But many peo­ple in this prov­ince be­lieve lessons and hand­son water sur­vival in­struc­tion should be com­pul­sory.

Some other prov­inces make it a pri­or­ity.

On­tario’s pro­vin­cial gov­ern­ment pro­vides the Life­sav­ing So­ci­ety with $1.5 mil­lion a year to give Grade 3 stu­dents lessons in ba­sic water sur­vival. Some are now push­ing the gov­ern­ment to make swim­ming lessons avail­able for all stu­dents in that prov­ince.

Other parts of the world also make it a ma­jor part of the ed­u­ca­tion sys­tem.

Ac­cord­ing to the Aquamo­bile web­site in England, all schools must pro­vide swim­ming in­struc­tion to chil­dren be­fore they fin­ish their pri­mary ed­u­ca­tion. They are re­quired to be taught to swim con­fi­dently over a dis­tance of at least 25 me­tres.

In Juneau, Alaska, the gov­ern­ment has made swim­ming a large part of the cur­ricu­lum, due to their prox­im­ity to the coast. They have en­sured that ev­ery stu­dent be­fore the age of 10 can swim con­fi­dently and in­de­pen­dently, through their Learn to Swim Pro­gram.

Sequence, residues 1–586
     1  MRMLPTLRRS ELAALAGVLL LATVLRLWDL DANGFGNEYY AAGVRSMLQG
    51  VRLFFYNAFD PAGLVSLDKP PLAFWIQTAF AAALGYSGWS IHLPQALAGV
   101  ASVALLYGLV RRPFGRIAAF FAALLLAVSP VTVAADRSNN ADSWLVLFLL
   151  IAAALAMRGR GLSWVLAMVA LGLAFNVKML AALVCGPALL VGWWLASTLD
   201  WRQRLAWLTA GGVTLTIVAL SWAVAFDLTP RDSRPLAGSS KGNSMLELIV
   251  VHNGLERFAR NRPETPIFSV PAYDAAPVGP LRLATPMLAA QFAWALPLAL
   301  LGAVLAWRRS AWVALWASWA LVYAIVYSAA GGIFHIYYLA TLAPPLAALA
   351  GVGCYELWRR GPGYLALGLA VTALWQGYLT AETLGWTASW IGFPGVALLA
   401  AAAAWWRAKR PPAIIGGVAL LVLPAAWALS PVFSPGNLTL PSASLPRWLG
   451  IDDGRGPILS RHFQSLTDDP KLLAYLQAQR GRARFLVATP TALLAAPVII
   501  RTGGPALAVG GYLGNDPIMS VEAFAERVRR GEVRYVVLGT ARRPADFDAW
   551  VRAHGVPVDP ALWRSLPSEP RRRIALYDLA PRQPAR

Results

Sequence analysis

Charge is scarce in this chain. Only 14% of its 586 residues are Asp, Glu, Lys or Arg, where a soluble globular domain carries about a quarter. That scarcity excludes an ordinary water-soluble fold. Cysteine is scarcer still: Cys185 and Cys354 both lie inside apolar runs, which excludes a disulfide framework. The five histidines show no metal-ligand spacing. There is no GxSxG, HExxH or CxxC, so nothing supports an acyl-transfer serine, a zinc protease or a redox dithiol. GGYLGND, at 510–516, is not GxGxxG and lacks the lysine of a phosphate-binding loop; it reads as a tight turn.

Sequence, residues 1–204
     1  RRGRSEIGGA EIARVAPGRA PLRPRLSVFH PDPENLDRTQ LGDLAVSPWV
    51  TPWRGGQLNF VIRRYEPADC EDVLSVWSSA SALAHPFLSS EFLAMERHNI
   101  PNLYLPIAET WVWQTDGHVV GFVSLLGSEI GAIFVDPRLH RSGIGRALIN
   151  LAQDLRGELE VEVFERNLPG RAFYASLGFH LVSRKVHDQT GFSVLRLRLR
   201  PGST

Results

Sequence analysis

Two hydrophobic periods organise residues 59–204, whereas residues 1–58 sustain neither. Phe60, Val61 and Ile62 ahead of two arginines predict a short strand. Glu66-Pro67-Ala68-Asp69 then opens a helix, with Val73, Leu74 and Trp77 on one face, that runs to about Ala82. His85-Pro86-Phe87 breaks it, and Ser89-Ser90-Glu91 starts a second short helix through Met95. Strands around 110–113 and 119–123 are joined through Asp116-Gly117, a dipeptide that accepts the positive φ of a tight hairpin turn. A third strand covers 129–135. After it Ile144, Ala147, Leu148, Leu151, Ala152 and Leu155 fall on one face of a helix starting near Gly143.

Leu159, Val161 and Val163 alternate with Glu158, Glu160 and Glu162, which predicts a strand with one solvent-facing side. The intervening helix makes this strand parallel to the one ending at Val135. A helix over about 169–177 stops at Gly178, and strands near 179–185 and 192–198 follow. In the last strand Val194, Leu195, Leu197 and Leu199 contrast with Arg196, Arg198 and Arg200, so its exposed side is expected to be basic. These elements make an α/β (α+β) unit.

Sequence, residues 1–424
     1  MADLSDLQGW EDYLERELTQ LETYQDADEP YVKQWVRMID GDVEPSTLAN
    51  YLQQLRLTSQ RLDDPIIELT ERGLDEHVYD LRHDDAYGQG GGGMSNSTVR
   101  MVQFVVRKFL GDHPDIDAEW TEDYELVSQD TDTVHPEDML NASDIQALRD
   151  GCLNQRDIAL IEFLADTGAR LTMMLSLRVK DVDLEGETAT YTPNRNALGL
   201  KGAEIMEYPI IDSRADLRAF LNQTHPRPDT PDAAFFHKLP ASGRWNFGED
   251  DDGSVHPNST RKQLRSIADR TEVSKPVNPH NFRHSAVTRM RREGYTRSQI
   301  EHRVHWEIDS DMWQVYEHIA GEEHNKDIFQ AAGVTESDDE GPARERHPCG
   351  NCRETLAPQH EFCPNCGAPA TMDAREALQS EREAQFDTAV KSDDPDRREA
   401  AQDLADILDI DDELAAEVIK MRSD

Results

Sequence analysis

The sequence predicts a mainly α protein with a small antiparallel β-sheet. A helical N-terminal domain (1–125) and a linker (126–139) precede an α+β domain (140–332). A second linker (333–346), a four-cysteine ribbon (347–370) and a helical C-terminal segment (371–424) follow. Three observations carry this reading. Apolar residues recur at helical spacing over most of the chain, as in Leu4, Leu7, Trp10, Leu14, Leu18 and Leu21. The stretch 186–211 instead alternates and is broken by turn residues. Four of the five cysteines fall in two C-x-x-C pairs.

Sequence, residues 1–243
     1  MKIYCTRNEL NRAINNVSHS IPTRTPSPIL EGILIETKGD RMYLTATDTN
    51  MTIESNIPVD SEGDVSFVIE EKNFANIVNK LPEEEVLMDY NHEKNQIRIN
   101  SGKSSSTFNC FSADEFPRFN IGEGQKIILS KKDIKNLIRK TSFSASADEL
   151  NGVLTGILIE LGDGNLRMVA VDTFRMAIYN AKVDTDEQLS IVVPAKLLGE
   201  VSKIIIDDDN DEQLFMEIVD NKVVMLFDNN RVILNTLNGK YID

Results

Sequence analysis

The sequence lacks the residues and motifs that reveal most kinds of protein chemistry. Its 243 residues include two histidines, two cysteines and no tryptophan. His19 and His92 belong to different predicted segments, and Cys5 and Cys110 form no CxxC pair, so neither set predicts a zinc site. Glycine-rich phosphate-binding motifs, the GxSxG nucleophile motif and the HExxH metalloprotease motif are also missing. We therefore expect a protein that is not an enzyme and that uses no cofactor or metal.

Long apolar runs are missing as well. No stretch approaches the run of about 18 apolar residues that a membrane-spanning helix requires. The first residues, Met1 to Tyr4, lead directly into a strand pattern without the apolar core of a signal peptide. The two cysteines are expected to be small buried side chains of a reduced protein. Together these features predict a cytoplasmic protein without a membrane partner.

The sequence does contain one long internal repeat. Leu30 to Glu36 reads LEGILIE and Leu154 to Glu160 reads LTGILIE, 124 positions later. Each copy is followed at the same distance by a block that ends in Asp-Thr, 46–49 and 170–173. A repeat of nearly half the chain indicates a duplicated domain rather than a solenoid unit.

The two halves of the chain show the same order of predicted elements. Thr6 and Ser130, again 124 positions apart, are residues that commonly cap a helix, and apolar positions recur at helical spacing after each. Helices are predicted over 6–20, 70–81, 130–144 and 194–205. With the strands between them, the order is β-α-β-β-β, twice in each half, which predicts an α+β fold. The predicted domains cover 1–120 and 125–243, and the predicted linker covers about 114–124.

“The gov­ern­ment in Alaska is even sub­si­diz­ing the cost of the use of the pool and the lessons, be­cause they are aware of how im­por­tant this life skill is,” the web­site states.

Su­san Quigley, aquat­ics su­per­vi­sor at The Sum­mit recre­ation fa­cil­ity in Mount Pearl, said it’s not just about learn­ing to swim, but about learn­ing how to be water smart — learn­ing how to tread water, how to help your­self when in trou­ble and not to panic.

“I truly be­lieve it’s a life skill. It’s one of those things that (is more) im­por­tant than learn­ing to ride a bike or any other recre­ational ac­tiv­i­ties be­cause the con­se­quences are so great,” Quigley said.

“And it should be taught early in life be­cause like any­thing, it’s harder to learn the older you get.”

Quigley said chil­dren also need to be taught how to rec­og­nize dan­ger­ous water haz­ards and know what swim­ming spots are dan­ger­ous and when.

“So many drown­ing deaths are pre­ventable,” she said. “Our youth need to have a bet­ter ed­u­ca­tion and un­der­stand­ing about these dan­gers.

“And par­ents shouldn’t leave it up to the school sys­tem. They need to take a proac­tive role, too.”